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A neurologist stands in portrait
September 24, 2018

Introducing… a neurologist

Dr. Barbara Connolly is a neurologist based at Hamilton General Hospital and assistant professor at McMaster University. She has been with Hamilton Health Sciences (HHS) for five years.

She also completed a fellowship in movement disorders at the University of Toronto from 2011-2013 and her neurology residency at McMaster from 2006-2011.

What do you do?

As a neurologist and movement disorders specialist, my practice focuses on evaluating and managing patients with neurological disorders that affect movement. This includes Parkinson’s disease and other causes of tremors, Huntington’s disease and other causes of chorea, dystonia, ataxia, myoclonus and tics.

What do you love most about your job?

I love my job because it is intellectually challenging and diverse. There are regular new developments in the field, which keeps my work interesting and exciting.

It is gratifying for me to address the wide variety of concerns and issues my patients have to help them optimize their quality of life. I tend to treat patients with chronic diseases, so I get to know them and their families over time, which is also very rewarding.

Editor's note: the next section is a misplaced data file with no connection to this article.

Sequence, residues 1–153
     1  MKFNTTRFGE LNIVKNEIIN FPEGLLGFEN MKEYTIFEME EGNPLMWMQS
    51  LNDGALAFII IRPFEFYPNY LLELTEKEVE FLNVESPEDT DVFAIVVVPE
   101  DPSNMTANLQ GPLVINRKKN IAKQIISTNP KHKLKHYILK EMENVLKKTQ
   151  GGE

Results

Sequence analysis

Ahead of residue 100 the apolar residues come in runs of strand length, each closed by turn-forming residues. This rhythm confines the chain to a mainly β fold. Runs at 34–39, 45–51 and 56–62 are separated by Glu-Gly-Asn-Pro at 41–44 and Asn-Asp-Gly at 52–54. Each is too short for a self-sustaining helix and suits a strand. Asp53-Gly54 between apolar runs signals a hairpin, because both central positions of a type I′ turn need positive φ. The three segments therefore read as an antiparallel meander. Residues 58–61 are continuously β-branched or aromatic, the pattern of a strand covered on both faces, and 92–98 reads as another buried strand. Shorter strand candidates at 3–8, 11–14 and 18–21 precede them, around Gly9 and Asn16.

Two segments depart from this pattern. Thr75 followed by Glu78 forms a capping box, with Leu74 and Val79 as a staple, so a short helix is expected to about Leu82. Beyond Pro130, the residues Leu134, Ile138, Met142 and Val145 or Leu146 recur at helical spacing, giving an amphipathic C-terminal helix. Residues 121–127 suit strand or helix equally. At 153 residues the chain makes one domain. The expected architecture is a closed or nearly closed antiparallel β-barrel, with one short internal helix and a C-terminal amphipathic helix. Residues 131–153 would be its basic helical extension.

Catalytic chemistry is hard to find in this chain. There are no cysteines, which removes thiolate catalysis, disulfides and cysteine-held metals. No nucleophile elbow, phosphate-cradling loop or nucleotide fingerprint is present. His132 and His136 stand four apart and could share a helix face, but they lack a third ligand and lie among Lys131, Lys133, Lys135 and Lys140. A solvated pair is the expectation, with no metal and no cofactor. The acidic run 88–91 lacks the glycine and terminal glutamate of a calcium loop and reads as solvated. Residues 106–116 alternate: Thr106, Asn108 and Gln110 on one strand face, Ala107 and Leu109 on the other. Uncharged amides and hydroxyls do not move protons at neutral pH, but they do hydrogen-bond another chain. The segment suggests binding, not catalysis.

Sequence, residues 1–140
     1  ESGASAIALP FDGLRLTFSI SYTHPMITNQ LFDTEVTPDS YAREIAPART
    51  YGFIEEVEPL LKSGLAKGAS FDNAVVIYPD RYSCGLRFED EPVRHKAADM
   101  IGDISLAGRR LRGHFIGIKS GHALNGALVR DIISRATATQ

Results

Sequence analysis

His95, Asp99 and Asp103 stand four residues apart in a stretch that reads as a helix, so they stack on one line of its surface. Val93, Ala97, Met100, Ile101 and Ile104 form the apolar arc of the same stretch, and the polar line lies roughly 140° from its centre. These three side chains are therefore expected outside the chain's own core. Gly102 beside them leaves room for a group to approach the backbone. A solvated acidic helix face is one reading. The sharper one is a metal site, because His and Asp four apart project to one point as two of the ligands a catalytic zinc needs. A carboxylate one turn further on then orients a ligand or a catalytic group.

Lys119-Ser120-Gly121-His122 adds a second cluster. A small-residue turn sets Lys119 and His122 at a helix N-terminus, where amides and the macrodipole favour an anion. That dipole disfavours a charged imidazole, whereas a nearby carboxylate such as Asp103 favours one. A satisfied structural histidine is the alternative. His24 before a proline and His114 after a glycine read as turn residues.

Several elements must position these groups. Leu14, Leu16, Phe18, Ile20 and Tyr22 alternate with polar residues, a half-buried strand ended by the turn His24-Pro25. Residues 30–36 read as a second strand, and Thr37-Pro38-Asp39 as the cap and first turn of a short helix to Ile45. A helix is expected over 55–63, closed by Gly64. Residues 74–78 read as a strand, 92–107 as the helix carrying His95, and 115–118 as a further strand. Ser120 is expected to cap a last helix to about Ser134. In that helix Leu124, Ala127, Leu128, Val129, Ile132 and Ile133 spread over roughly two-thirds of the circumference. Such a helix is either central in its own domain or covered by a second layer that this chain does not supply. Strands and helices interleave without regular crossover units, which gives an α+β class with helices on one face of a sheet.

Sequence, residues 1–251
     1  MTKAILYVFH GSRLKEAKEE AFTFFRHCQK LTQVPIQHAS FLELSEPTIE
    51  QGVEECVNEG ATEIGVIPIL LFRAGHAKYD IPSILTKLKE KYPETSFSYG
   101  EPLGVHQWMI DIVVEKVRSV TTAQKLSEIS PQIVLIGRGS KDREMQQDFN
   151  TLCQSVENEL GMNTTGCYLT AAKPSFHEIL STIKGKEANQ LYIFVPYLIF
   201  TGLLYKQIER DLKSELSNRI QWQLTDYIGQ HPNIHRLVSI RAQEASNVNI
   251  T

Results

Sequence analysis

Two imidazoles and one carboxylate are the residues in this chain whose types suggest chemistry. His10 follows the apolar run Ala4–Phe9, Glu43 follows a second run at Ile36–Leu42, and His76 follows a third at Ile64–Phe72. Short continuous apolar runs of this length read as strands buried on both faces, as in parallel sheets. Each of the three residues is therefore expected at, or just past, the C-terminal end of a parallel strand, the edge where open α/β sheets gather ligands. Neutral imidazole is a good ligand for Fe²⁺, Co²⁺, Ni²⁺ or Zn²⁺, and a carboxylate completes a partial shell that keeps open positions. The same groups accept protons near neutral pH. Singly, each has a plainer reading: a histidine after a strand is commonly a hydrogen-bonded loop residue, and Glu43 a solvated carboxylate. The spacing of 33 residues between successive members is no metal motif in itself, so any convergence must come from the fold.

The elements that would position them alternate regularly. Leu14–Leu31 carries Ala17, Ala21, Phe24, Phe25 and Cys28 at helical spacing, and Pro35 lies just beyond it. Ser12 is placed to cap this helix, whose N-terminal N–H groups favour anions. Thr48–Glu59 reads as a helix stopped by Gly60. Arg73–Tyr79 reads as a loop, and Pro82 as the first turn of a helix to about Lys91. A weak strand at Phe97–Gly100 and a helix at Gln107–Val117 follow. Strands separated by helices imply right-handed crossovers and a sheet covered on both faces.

“I treat patients with chronic diseases, so I get to know them and their families over time.”

Who inspires you?

I am inspired by my mentor, Dr. Anthony Lang, a brilliant and world-renowned movement disorders specialist. He continuously maintains his expertise by keeping abreast with new research. He also helps the specialty move forward by participating in international committees and programs. At the patient level, he consistently thinks outside of the box when it comes to figuring out the cause of unusual symptoms.

‘What would Tony do?’ runs through my mind when I face a challenging case. He grew his clinic into a leading movement disorders treatment, research and training facility. I hope to do the same thing here at HHS.

What is the biggest challenge in your role?

The biggest challenge in my clinical role is making sure I can offer the best support possible for my patients, who have chronic and debilitating diseases. There are many disciplines and roles required to provide the best care, not just in the hospital, but in the broader community. By enhancing their quality of life, we can greatly impact symptom control and disease progression.